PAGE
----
Sierra Exif JPEGAnd there are bright yellow daffodils making up for the absent sun, trees bursting with buds gradually greening the outside world.

Besides, I don’t have a fascinator – or a shoestring-strapped dress.

And you know, it really is quite cold out there.


Sierra Exif JPEG


Posted in Going out - and having fun?, Lancashire and the golf coast, Liverpool | Tagged , , , , , , , , , , | Leave a comment

An un-diplomatic incident, a dead motor & a perilously pregnant woman

The men who go for water don’t make it back till after dark.

My ‘kitchen’ – the back of their vehicle – is covered in bits of charcoal and running with water. But never mind. I rustle up another macaroni cheese and no-one complains.

But the wine that’s been flowing from the box all week, keeping the frail social bonds tolerable, is in danger of running dry. With excellent timing Rosie and I just happen to have a mission to accomplish at the museum next day. We make a plan – we’ll go exploratory shopping.

Bars in Mbala sell odd things – like frozen Russian sausage. And beer, of course. But there’s not a drop of red wine in town.

It feels like a punishment for mocking the late Betty Clark, archaeological illustrator and wife of celebrated archaeologist Desmond Clark who first excavated the Kalambo Falls site in the 1950s. She famously complained that she wasn’t able to obtain the right kind of white wine locally.

Now we’re moaning because we can’t find a box – or a bottle – of red. Any red would do. My, how standards have slipped!

Rosie goes back to dig after lunch, I wash the dishes and start preparing dinner.
I stop my chopping when I hear the sound of a vehicle approaching. The first I’ve heard all week.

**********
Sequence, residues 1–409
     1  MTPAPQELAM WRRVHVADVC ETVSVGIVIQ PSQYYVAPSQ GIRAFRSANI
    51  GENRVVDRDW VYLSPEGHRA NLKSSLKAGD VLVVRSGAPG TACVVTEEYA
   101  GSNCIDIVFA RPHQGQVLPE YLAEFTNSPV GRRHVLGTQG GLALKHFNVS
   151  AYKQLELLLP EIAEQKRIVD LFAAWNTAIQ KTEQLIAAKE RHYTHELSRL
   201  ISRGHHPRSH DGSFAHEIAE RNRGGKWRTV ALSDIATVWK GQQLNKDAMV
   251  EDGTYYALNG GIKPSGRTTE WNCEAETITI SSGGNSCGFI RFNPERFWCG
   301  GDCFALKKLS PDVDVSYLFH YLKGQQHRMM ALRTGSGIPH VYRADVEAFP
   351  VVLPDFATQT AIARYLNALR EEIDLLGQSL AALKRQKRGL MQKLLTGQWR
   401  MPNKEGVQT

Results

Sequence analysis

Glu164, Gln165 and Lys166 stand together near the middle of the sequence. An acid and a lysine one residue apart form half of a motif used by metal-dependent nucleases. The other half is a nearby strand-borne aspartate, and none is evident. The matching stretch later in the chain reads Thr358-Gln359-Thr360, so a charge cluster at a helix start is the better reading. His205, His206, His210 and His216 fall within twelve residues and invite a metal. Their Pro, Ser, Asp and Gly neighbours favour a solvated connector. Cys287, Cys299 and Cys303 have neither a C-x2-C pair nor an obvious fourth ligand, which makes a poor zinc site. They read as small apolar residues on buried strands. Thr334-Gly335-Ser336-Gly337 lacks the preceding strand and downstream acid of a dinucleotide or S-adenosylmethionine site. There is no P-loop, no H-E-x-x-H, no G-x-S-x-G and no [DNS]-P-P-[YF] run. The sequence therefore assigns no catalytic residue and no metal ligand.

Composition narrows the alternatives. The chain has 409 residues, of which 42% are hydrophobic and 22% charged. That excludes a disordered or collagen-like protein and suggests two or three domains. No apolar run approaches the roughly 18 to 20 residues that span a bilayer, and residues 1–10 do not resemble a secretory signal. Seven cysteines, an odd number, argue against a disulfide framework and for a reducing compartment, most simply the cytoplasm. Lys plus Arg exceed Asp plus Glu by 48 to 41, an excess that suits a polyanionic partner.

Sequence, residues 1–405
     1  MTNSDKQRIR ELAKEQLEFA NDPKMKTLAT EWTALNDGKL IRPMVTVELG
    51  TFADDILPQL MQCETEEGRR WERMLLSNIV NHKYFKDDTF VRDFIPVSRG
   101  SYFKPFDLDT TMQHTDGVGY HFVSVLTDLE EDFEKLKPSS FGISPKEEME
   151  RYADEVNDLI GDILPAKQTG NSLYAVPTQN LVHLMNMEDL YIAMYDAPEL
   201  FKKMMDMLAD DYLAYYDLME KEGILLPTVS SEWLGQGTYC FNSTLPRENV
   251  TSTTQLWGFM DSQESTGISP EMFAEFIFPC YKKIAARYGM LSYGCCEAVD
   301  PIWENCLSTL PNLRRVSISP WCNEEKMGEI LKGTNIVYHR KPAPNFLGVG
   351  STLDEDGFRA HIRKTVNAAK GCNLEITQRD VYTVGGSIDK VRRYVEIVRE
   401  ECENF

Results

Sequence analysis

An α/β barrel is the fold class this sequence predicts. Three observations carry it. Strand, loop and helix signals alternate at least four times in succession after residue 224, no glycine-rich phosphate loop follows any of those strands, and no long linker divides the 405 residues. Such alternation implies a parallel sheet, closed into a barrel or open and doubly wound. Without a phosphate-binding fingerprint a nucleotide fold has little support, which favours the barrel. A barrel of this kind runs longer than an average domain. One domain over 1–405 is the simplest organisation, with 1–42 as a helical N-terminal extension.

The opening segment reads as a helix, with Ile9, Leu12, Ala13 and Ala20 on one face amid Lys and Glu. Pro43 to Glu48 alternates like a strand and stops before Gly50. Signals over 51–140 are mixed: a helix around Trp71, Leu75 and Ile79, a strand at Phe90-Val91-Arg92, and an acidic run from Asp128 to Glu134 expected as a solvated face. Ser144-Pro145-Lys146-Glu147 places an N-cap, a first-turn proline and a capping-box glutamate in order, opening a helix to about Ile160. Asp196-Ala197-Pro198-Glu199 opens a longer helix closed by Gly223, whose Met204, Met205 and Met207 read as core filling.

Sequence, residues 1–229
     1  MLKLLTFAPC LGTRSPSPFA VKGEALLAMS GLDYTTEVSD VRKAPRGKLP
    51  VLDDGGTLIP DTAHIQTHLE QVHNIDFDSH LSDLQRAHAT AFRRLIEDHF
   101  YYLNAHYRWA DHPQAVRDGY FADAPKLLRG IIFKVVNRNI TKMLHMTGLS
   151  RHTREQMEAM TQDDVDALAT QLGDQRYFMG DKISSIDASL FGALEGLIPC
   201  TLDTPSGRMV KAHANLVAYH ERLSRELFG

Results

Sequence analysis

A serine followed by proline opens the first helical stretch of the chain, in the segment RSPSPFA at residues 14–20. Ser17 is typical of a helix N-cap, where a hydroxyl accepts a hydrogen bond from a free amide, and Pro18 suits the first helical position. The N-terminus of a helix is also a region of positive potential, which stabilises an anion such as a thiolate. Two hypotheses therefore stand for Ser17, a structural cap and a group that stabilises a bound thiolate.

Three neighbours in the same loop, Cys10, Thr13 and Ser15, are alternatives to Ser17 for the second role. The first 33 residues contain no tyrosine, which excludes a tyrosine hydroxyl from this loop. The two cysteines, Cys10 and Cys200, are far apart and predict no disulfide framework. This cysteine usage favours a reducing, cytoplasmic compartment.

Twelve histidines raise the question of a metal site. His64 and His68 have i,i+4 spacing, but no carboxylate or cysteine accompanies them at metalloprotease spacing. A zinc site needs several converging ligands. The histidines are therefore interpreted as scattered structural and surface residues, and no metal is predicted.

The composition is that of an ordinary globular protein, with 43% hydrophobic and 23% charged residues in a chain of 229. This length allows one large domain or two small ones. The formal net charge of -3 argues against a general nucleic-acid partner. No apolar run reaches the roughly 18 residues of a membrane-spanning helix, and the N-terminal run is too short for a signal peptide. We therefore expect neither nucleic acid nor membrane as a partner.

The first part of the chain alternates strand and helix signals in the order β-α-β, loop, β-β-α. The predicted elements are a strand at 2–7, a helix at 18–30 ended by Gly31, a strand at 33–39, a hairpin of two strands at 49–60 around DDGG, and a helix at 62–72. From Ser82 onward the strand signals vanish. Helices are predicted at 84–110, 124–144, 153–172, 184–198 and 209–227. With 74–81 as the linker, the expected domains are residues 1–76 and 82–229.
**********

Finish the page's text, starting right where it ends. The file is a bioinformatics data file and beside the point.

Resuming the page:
Germans. They park where I cook with the mbaula. Pitch a large tent slap bang in front of our view of the gorge.

Watching the sun sink down to Lake Tanganyika through the gorge over the gorge below the waterfall, from campsite

Watching the sun sink down to Lake Tanganyika through the gorge below the waterfall, viewed from campsite

I rush to make the fire, just in case they colonise that area too.

[Beach towels and package holidays spring to mind.]

Deputy caretaker, Abram, approaches to tell them about the site and take the camping fee. I see him filling in the form with registration details.

He returns, sits on one of our benches looking dejected.

I get on with my cooking. The semi-frozen sausage (yes we bought some) takes forever to cook on the dying embers of the mbaula. I cook cabbage, make a spicy tomato sauce for the potatoes – a bodged patatas bravas.

A kind student tells me he’d have paid good money for it. A compliment at last.

We all turn in very early. The wine has now completely petered out – and with it the pretence of conviviality.


Caretaker on left, Abram in middle with ‘brother’

Next morning, after the Germans leave, I notice the caretaker, deputy caretaker and our two Zambian colleagues are sitting in a grim-faced huddle.

Turns out the man – a diplomat at the German embassy in Dar es Salaam, refused to pay the fee.

Five dollars a head.

Said the facilities weren’t good enough.

Here, miles from anywhere, where there’s no electricity and no plumbing.

I’m angry on Abram’s behalf – he‘s recorded the visitors, there will be queries about where the money’s gone.

We can sort that out, have spare dollars, but – well I’m just angry.

As it’s the last day I head for the site after breakfast, snap some pictures. The river’s looking beautiful, the kids as noisy and playful as ever.

A woman's work is never done - washing, washing and more washing

A woman’s work is never done – washing, washing and more washing


Anthro-man also washing - stone tools

Anthro-man also washing – stone tools

Geographers taking pollen samples and two local helpers

Geographers taking pollen samples and two local helpers









Various experts at work on the banks of the Kalambo River

Various experts at work on the banks of the Kalambo River

Japanese dating specialist taking samples watched by Anthro-man, Collins in background (green & blue duffel bag is one of our Isles of Scilly sailcloth Ratbags btw)

Japanese dating specialist taking samples watched by Anthro-man, Collins in background (green & blue duffel bag is one of our Isles of Scilly sailcloth Ratbags btw)

Tim excavating a Middle Stone Age layer

Tim excavating a Middle Stone Age layer









Victor holding a 400,000 year old cleaver he has discovered

Victor holding a 400,000 year old cleaver he has discovered

Victor pointing to where the cleaver was found

Victor pointing to where the cleaver was found










But then there’s one last meal to cook.

I’ve kept a treat in reserve. Tins of condensed milk, boiled for an age to make dulce de leche, accompanied by baked bananas.